“Children don’t give up your heart
To the counting of the days
And the sleep that we start
Hold on to the wind at night
And the river of dreams
That will show you the way back
To moonlight in the garden.” Walls of Paradise
A beautiful young woman in her early 20’s, long auburn tresses flowing down her back, froze in amazement on the stairs leading down to the bustling Open Mic Night in a Northern California former Gold Rush town. She took part in the Open Mic every week, a vital member of the town’s bustling music scene, had no reason to feel that night would be different than any other raucous night of music and jovial socializing. But something stopped her in her tracks. “Whose angelic voice is wafting up to me,” she wondered, “ expressing such poignancy and heart-felt truth?” Pausing at the bottom of the stairs, she found a shaggy haired lad hunkered over his guitar, playing originals with determined intensity and bumming booze shots to pour in coffee, as he wasn’t legal to drink yet. She thought it might be fun join him on a few tunes….
Thirty years later, the musical stars continue to happily align over celebrated national touring folk artist duo Paul Kamm and Eleanore MacDonald. They still base out of rural northern California but have loyal fans all over the world. Married twenty-five years ago, they have a “muse-inspired relationship based in mutual admiration and respect” for each other’s talents. It’s not easy to be a married couple and a performing business team as well; many music presenters wouldn’t book them at first, doubting the act would last. With patience, perseverance and the giving of lots of personal space, the duo has found an organic balance that allows both to create solo (he in France, she in Greece) yet keep the home fires well-stoked in harmony at home. Home is a five-acre oak-shaded ranchette with a lovingly tilled vegetable garden and varying array of critters – horses, ponies, goats, dogs and cats all earn a hearty welcome at Paul and Eleanore’s place.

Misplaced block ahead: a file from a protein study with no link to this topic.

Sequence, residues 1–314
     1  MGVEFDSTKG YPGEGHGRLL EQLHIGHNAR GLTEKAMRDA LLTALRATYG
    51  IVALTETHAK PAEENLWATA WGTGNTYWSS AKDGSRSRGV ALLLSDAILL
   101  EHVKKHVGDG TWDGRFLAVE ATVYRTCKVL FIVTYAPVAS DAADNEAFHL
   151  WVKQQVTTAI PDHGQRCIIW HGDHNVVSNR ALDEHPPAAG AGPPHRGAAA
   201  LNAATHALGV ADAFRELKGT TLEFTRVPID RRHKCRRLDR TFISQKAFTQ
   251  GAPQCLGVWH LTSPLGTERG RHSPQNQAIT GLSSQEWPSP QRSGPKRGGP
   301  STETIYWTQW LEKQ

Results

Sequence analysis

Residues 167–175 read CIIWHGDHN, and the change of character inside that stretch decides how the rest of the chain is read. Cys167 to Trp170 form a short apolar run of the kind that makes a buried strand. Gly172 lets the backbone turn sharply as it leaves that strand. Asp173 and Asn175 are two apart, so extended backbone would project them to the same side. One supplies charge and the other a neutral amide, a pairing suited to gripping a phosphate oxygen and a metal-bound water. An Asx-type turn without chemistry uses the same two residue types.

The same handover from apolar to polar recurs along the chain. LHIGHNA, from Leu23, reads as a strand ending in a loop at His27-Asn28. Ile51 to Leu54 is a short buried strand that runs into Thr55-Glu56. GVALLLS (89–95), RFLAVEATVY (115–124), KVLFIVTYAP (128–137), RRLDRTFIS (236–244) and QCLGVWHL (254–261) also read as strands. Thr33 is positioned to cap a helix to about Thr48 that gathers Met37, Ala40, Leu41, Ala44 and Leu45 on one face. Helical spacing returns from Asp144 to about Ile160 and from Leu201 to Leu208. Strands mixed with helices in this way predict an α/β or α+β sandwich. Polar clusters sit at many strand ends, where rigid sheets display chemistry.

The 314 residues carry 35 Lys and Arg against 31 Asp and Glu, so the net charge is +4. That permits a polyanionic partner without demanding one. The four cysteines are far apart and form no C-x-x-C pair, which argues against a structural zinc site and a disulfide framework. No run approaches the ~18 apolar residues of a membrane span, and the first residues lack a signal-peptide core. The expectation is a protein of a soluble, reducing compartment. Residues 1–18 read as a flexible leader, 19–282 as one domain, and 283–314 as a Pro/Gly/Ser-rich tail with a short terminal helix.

Paul Kamm and Eleanore MacDonald play Ft. Worth for the first time—Friday Sept. 2 at Fifth Street Coffee House off Sundance Square.
“From the fire the songs of all our fathers came
From the fire to sing with us again
From the fire and on and on we’ll tell this tale
From the fire till that ship is gonna sail.”
From the Fire
Defining a uniquely rich, harmonious style that blends traditional folk with contemporary (and earthy world-beat essence on their 2010 CD From the Fire), the duo have independently produced nine albums of original music, receiving critical acclaim from folk music trade reviewers worldwide. Their CDs get regular play on NPR, Community, College and Public radio stations the world over as well as on internet and satellite radio. Since 2000, every CD they have produced has rated high on the Top 100 Folk DJ Most Played CD’s list.
They have loyal fans across Europe, the Middle East and Korea. Find them playing most often on the West Coast, not far from home, but they are regulars at Strawberry, Kerrville and Kate Wolf Music Festivals, as well. As a duo and Paul as a solo artist have won prestigious New Folk Artist Awards over the years at the “big ones”, the Kerrville, Telluride and Rocky Mountain New Folk Festivals.
On the Water
Watching over us tonight…
Silent Angel, silent angel
Is that you in my dreams tonight
She lights the fire and waits for you there
Your tears of joy the only jewels she’ll wear.”